Blessed are You, O Lord, Who bestows loving-kindness on His people, Israel. We learned in the mishna: One is obligated to recite a blessing for the bad that befalls him just as he recites a blessing for the good that befalls him. The Gemara asks: What does it mean: One is obligated to recite a blessing for the bad just as for the good? If we say this means that just as one recites a blessing for a positive event with the formula: Who is good and does good, so too one recites a blessing for a calamity with the formula: Who is good and does good, didn’t we learn in our mishna that over good tidings one recites: Who is good and does good, while over bad tidings one recites: Blessed…the true Judge? Rather, Rava said: The mishna’s statement was only necessary to instruct us to accept bad tidings with the same joy with which we accept good tidings, not to instruct with regard to which blessing to recite. Rav Aḥa said in the name of Rabbi Levi: What is the verse that alludes to this? “I will sing of loving-kindness and justice; unto You, O Lord, will I sing praises” (Psalms 101:1). Rav Aḥa explains: If it is loving-kindness, I will sing, and if it is justice, I will sing. I will thank God in song for the bad just as for the good. Rabbi Shmuel bar Naḥmani said: The proof is from here, as it is stated: “In God, I will praise His word; in the Lord, I will praise His word” (Psalms 56:11). The Gemara explains that In God, I will praise His word; that is the revelation of God’s attribute of benevolence, while: In the Lord, I will praise His word; that is the attribute of suffering; even if God brings suffering to bear upon me, I will still praise Him. Rabbi Tanḥum said: The proof is from here, as it is stated: “I will lift up the cup of salvation and call upon the name of the Lord” (Psalms 116:13), and: “I found trouble and sorrow, but I called upon the name of the Lord” (Psalms 116:3–4). And the Rabbis said: The proof is from here, as it is stated: “The Lord has given and the Lord has taken away; blessed be the name of the Lord” (Job 1:21). Rav Huna said that Rav said that Rabbi Meir said; and so it was taught in a baraita in the name of Rabbi Akiva: One must always accustom oneself to say: Everything that God does, He does for the best. The Gemara relates: Like this incident, when Rabbi Akiva was walking along the road and came to a certain city, he inquired about lodging and they did not give him any. He said: Everything that God does, He does for the best. He went and slept in a field, and he had with him a rooster, a donkey and a candle. A gust of wind came and extinguished the candle; a cat came and ate the rooster; and a lion came and ate the donkey. He said: Everything that God does, He does for the best. That night, an army came and took the city into captivity. It turned out that Rabbi Akiva alone, who was not in the city and had no lit candle, noisy rooster or donkey to give away his location, was saved. He said to them: Didn’t I tell you? Everything that God does,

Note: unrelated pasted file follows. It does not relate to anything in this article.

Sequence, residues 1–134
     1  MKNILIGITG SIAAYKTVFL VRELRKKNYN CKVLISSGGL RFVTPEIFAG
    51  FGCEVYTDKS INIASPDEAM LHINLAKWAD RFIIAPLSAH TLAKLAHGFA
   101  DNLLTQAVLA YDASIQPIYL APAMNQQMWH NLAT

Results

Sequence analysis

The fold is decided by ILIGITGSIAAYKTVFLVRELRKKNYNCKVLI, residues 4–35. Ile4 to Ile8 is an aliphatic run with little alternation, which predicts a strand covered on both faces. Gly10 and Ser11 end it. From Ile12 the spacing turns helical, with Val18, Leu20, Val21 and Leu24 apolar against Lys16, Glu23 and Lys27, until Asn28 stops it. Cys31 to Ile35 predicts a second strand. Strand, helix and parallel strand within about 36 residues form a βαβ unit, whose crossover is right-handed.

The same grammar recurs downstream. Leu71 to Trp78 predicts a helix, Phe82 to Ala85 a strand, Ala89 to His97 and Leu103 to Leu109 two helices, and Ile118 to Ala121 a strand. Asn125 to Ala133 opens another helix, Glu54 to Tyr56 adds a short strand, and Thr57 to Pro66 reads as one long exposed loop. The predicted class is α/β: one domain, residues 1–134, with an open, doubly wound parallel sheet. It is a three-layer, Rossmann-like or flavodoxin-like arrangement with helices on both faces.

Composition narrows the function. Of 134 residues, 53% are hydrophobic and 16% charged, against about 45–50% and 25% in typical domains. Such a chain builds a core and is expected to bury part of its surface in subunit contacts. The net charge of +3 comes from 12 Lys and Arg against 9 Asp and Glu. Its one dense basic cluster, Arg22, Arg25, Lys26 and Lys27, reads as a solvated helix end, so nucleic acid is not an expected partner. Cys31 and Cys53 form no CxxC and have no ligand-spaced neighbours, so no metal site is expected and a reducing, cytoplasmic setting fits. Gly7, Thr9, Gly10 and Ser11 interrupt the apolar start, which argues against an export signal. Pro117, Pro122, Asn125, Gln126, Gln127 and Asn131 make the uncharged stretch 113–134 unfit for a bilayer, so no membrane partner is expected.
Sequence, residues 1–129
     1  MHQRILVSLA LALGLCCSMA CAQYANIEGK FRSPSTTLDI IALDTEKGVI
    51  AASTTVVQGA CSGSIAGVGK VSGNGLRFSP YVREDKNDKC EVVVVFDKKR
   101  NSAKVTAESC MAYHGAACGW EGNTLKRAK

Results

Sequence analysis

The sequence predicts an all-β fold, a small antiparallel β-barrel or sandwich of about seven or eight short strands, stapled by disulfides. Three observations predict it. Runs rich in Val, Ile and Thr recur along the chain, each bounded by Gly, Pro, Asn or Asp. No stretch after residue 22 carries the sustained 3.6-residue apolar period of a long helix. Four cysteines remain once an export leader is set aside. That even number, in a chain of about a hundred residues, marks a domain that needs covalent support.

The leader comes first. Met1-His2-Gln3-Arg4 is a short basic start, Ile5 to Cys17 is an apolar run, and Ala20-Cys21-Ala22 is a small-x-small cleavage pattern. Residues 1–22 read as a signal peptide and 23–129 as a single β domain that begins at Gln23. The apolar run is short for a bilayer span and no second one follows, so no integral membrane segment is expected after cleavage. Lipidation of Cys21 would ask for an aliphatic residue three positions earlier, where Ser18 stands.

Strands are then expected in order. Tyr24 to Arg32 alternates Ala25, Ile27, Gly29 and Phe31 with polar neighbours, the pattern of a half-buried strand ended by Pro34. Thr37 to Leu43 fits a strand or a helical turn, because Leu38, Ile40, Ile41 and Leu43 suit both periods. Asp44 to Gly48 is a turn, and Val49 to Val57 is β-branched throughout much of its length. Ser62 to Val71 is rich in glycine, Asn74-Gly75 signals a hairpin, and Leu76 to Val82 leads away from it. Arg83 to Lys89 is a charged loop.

דיון
    מבחן התוצאה
    1. עם איזה סיפור אתם מזדהים יותר? מדוע?
    2. מה היתרונות של ראיית המציאות בדרך זו?
    3. מה החסרונות בכך?
    4. ספרו על מקרה בחייכם שבו נקטתם גישה זו?
    5. האם היה מקרה שבו לא נקטתם גישה זו ואתם מצטערים על כך?
    6. האם הייתם רוצים לאמץ גישה זו בחייכם? מדוע?
    7. מה היה קורה אילו סיפורו של רבי עקיבא היה נגמר אחרת? עדיין הייתם חושבים אותו הדבר?
    דיון
    שאלות מנחות לצפייה בסרט "כשהאסימונים נופלים"
    במהלך הסרט חשבו:
  • מהם העקרונות לשינוי שמציע ריצ'רד לבוי?
  • אילו שיטות עובדות ואילו אינן עובדות, לדעת ריצ'רד לבוי?
  • איך בונים הערכה עצמית על פי ריצ'רד לבוי?
  • בחרו משפט הנתפס בעיניכם כחשוב ומשמעותי.
  • בחרו אמירה או משפט המעוררים בכם התנגדות.
  • דיון
    לסיכום...
  • מה דעתכם על חיים לפי דרך מחשבה זו?
  • האם אפשר להתקדם ולהשתפר אם מסתכלים כל הזמן על חצי הכוס המלאה?
  • מהי הדרך לגשר על הפער שבין הגישה ש"הכול לטובה" לבין הצורך שלנו להיות ביקורתיים ולנסות לשפר את חיינו כל העת?
  • קישורים לרקע והרחבה:
    פסיכולוגיה חיובית